*The best fiscal policy reform would be dramatically shrinking the size of the federal government so that a far greater share of labor and capital in our economy could be allocated by market forces rather than by politicians and bureaucrats. Ideally, the federal government could be reduced to the limited “night watchman” functions envisioned by the Founding Fathers, in which case there would be no need for any broad-based tax.
P.S. Switching to another topic, regular readers know that I enjoy mocking politicians.
Well, I think if there was a “Politician of the Year” contest, we would have a winner. His name is Joe Morrissey. Here are some details from a Richmond newspaper.
Del. Joseph D. Morrissey, D-Henrico, preserved his legislative career for now but could find his license to practice law again in trouble after a dramatic plea Friday regarding his relationship with a 17-year-old office assistant. …Morrissey was being housed Friday night in Henrico Jail East in New Kent County, where he will be allowed to engage in a work-release program and maintain his legislative and legal duties, one of his lawyers said.
So he’s going to jail, but will still be a state lawmaker as part of a work-release program. Gee, his constituents must be proud.
…the special prosecutor in the case told reporters that the now-18-year-old former associate of Morrissey is pregnant, “perhaps” with Morrissey’s child….Morrissey said he entered the plea to preserve his legislative duties, spare the alleged victim the difficulties of trial and to maintain his care of a 2-year-old child that he had out of wedlock.
So one illegitimate kid already and maybe another on the way. What a model citizen.
But there’s more.
As Richmond’s prosecutor in 1991, Morrissey punched a rival attorney in the face and wound up in jail. Two years later, he was indicted on a bribery charge for reducing charges in a rape case in exchange for a $25,000 payment to the victim. The charges were dropped, but his law license was suspended. He again had his law license suspended in 1998 and was put in jail for 90 days for improperly speaking to reporters during a drug case. He got into another fight in 1999 and was sentenced to 300 hours of community service. He tried to fake the number of hours he served, and was given another 90 days in jail, before finally being disbarred. He then practiced law overseas in Ireland and Australia before authorities discovered he had been disbarred, and he came back to Virginia, where he was elected to the General Assembly in 2007.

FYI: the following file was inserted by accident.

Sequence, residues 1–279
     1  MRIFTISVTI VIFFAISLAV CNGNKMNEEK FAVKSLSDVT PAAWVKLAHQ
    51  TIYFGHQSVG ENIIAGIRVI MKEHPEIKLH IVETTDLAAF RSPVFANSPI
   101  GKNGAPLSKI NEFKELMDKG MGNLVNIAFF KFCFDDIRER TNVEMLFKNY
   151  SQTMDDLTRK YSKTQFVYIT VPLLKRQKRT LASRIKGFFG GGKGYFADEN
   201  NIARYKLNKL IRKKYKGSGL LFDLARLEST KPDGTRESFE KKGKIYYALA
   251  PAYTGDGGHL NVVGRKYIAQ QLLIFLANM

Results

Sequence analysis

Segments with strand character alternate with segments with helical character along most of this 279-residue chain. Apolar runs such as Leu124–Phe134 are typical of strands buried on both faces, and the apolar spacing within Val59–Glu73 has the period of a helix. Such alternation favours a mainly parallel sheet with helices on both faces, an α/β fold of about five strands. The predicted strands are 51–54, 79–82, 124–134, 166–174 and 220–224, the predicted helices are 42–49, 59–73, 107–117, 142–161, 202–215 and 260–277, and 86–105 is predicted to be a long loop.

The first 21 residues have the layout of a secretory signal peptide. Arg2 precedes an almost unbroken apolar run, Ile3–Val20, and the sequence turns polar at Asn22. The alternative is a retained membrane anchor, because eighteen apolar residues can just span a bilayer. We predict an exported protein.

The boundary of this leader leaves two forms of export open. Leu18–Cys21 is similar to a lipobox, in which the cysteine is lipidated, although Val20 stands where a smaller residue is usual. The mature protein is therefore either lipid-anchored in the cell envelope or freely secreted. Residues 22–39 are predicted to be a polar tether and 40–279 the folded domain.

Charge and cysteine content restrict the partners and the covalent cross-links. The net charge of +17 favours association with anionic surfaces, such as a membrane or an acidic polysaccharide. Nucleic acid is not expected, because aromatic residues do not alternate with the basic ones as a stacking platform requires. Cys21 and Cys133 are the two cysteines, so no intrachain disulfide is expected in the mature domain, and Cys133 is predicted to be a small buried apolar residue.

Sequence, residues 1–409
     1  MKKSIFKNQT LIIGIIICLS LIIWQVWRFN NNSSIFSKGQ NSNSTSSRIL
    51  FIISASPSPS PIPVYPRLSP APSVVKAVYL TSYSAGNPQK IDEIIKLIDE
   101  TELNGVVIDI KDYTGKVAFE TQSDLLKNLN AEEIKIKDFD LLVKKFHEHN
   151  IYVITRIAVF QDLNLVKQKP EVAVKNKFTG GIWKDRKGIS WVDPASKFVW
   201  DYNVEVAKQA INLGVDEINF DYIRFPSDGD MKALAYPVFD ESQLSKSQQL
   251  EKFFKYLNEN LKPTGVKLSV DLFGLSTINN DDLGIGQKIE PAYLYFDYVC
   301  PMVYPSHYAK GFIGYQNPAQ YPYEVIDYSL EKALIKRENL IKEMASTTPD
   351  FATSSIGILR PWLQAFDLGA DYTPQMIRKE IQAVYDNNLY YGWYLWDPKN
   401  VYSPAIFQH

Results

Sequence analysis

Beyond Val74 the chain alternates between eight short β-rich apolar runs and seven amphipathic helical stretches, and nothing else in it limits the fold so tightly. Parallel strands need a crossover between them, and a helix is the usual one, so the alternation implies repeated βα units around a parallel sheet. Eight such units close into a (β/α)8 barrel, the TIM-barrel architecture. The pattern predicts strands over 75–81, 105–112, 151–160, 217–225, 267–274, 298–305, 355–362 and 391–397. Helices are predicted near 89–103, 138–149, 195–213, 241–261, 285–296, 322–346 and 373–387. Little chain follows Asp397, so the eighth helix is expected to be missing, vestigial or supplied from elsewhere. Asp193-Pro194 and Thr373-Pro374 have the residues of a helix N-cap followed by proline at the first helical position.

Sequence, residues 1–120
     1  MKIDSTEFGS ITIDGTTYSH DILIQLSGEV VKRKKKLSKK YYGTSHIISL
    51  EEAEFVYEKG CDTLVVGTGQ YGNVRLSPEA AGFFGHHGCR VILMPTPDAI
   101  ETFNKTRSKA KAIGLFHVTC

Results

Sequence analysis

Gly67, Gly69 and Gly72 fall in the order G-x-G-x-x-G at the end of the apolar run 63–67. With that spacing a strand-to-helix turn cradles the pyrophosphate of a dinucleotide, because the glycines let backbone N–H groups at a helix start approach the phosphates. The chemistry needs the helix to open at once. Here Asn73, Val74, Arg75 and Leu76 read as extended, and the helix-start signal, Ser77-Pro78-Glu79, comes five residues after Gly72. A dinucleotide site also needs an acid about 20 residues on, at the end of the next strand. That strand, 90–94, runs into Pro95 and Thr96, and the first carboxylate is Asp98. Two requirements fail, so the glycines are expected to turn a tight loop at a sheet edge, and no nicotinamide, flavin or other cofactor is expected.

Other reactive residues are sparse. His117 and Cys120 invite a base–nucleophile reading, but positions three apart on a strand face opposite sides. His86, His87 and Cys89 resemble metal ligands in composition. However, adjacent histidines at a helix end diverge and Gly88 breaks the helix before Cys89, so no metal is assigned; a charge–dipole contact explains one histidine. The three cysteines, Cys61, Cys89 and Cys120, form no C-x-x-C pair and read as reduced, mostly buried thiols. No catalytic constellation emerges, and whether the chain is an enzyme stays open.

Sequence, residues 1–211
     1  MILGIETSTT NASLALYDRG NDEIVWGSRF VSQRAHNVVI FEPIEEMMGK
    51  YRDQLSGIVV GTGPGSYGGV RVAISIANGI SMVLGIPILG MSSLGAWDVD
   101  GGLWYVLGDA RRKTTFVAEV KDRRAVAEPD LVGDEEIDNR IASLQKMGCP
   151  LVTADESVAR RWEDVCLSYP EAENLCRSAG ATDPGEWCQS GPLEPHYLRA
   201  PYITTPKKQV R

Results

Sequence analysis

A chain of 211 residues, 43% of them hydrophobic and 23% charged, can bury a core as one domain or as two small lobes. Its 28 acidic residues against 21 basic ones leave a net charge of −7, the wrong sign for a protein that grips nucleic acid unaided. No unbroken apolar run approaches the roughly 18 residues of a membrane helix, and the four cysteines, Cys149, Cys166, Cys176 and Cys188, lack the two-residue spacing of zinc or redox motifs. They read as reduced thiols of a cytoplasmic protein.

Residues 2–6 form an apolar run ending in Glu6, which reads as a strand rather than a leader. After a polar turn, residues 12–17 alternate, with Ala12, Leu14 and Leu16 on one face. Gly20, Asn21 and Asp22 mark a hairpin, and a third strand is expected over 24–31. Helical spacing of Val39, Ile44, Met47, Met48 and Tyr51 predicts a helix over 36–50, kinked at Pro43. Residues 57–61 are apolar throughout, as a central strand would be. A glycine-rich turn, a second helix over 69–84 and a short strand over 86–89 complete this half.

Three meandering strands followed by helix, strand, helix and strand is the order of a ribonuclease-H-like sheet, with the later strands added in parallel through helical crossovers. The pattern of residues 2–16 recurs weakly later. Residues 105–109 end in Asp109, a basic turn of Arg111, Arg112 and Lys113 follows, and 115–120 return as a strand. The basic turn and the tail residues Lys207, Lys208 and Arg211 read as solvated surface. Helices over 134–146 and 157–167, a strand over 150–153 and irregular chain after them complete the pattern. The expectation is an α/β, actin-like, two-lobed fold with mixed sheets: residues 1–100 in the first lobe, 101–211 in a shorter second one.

With a resume like that, no wonder he got elected. No need for on-the-job training!
P.P.S. I don’t know if I should admit this, but I dated a girl back in the 1990s that used to date Morrissey. I don’t know if that says something about her or something about me. But maybe after the PotL casts me aside, I should try to connect with one of Bill Clinton’s former paramours?
P.P.P.S. If you like mocking politicians, you can read about how the men and women in DC spend their time screwing us and wasting our money. We also have some examples of what people in Montana, Louisiana, Nevada, and Wyoming think about big-spending politicians. This little girl has a succinct message for our political masters, here are a couple of good images capturing the relationship between politicians and taxpayers, and here is a somewhat off-color Little Johnny joke. Speaking of risqué humor, here’s a portrayal of a politician and lobbyist interacting. Returning to G-rated material, you can read about the blind rabbit who finds a politician. And everyone enjoys political satire, as can be found in these excerpts from the always popular Dave Barry. Let’s not forgot to include this joke by doctors about the crowd in Washington. And last but not least, here’s the motivational motto of the average politician.